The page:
In honor of International Day of the Girl, Cornell senior and softball player Lilly Travieso ’24 attended First Lady Jill Biden’s first ever “Girls Leading Change” event at the White House on Wednesday, Oct. 11.
Travieso was invited to the event for her leadership with ELLA Sports Foundation, which she founded with her mother, Patty Godoy-Travieso, in 2018. ELLA, an acronym standing for Empowering Leadership in Latina Athletes, is also the Spanish word for “she.”
The foundation hosts leadership development, professional networking and empowerment workshops all over the United States to assist young Latina athletes during the college recruitment process. It also provides coaching seminars, opportunities for athletes to showcase their talent and a platform of advocacy for women in sports.
From a young age, Travieso said she dreamt of playing softball at a top university. However, she encountered obstacles experienced by many other Latina athletes during her journey, such as cultural misconceptions and financial inequalities. In founding ELLA, she said she aims to help other young Latinas achieve their dreams and overcome these adversities.
Gabriel Reyes, public relations specialist for ELLA, said the organization aims to support young women as they build their futures.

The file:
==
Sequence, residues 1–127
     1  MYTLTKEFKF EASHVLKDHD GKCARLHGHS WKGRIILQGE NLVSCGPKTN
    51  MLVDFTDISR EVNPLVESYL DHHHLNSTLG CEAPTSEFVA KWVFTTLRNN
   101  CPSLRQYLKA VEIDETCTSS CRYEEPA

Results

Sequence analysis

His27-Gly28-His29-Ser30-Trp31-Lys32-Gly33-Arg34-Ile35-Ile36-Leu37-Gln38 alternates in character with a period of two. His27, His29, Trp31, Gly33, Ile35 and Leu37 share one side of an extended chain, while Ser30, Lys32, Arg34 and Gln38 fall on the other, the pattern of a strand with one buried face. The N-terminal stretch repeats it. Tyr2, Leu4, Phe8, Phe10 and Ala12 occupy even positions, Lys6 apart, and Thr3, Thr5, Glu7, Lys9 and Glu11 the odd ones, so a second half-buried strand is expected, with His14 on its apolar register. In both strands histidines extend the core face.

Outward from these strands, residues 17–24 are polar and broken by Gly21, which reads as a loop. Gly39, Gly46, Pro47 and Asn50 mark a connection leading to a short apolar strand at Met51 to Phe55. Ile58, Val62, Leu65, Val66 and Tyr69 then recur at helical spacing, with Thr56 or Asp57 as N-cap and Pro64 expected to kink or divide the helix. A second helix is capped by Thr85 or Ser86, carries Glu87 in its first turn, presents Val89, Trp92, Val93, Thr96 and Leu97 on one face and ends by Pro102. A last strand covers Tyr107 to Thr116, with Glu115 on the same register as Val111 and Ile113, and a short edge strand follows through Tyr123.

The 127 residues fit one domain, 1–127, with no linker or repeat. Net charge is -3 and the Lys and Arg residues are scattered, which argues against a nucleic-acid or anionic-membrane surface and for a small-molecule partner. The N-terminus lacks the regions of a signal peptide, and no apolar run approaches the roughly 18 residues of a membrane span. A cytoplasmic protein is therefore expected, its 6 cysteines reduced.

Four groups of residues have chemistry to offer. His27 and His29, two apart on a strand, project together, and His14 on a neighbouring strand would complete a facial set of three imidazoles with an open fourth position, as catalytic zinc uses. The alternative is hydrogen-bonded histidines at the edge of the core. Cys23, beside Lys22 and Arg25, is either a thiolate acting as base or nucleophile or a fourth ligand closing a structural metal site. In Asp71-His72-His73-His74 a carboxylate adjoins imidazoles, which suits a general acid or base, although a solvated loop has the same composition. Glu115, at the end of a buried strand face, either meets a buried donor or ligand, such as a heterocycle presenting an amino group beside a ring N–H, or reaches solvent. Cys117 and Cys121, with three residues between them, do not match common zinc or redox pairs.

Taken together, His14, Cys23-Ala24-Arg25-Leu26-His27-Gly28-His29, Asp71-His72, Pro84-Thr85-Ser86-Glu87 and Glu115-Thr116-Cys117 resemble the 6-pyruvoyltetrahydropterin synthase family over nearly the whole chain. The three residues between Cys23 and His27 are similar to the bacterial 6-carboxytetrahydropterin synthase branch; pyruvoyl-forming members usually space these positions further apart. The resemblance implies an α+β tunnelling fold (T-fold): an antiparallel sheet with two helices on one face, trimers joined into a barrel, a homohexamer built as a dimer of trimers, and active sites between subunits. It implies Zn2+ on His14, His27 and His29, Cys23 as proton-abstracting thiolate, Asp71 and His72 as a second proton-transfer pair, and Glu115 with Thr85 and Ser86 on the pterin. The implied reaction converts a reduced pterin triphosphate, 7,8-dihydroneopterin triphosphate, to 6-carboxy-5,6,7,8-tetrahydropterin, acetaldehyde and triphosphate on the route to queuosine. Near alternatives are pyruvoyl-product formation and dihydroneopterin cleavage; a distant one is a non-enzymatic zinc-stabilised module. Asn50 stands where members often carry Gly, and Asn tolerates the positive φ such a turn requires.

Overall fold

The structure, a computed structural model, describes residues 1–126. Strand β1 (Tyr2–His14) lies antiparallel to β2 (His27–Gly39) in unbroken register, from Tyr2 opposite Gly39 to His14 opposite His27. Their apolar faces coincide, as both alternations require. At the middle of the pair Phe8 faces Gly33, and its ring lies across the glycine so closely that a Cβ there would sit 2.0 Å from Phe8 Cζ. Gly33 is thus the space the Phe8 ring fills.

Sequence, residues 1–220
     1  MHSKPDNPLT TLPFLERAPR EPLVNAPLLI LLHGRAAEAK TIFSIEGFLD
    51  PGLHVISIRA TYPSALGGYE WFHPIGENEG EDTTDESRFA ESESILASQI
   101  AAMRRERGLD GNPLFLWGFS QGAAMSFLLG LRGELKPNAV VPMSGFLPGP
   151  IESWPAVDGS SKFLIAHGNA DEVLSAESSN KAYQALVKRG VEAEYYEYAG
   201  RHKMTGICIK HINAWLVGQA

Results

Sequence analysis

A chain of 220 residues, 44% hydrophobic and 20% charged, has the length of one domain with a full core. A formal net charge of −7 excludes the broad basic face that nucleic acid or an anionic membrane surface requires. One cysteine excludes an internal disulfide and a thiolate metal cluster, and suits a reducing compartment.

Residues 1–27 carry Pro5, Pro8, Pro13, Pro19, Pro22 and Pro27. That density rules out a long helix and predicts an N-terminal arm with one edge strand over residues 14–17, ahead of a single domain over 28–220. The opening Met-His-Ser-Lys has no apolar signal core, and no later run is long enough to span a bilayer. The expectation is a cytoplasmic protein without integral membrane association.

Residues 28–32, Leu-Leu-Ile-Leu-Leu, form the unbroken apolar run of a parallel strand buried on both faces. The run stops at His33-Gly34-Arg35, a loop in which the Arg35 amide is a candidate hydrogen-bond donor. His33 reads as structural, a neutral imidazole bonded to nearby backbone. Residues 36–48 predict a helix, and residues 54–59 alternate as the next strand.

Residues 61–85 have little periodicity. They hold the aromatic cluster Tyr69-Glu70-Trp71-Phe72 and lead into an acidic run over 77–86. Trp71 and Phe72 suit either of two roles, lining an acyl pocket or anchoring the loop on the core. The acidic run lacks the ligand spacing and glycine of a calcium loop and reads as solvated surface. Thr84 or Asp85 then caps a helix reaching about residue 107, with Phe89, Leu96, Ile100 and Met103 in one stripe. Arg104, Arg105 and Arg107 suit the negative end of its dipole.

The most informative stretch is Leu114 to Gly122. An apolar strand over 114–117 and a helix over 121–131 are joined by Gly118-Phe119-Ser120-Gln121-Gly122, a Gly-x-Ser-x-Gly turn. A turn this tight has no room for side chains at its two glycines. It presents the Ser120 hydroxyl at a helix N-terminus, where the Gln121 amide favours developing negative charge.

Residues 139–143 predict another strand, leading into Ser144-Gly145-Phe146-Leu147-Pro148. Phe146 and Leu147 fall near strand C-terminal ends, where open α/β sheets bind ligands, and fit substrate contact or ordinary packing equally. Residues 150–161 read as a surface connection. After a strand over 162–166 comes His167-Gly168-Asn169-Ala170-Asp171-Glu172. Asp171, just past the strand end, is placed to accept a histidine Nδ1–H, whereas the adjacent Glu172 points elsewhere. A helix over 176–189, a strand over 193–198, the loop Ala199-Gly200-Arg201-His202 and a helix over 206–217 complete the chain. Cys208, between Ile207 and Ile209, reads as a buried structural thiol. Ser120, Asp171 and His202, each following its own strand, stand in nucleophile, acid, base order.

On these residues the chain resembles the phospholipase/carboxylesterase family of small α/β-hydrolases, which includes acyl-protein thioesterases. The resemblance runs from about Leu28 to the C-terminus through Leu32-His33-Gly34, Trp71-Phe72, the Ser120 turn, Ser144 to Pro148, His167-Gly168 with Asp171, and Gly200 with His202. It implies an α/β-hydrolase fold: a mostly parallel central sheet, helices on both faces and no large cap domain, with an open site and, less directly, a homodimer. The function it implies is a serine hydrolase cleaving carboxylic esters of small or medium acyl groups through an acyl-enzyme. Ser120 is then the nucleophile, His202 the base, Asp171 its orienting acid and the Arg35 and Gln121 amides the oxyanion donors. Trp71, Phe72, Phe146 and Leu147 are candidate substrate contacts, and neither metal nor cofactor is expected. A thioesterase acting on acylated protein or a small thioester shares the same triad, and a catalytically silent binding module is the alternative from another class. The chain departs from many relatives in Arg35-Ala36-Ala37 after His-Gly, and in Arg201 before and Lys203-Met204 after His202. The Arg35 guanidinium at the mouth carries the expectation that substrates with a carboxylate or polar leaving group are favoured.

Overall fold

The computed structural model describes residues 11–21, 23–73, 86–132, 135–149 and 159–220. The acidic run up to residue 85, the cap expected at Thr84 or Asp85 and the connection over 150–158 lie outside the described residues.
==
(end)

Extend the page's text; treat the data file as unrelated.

“ELLA wants to provide women and their families opportunities and resources to support them so they can succeed in life, and they can make their own legacy, like Lilly is doing,” Reyes said.
Being surrounded by like-minded women, Travieso plans to continue building on ELLA’s mission to assist Latina athletes in their academic and athletic endeavors, while aiding in their development as individuals.
“I was honored to be invited to [Girls Leading Change, an] important gathering celebrating young women who are agents of change in their community,” Travieso said. “We have been inspired [by] meeting so many role models and are energized to continue our work at ELLA, supporting girl athletes everywhere.”
At last week’s event, Biden recognized 15 young women leaders — including Gabriella Nakai, who worked to shift perceptions of Native people in America, Julia Garnett, who spoke out against book bans in her local school board meeting and Mona Cho, who raised awareness on online safety — selected by the White House Gender Policy Council for making a positive impact on their communities.
“We have been inspired meeting so many role models and are energized to continue our work at ELLA Sports Foundation, supporting girl athletes everywhere,” Travieso said.
Nia Perry ’25 is a Sun contributor and can be reached at [email protected].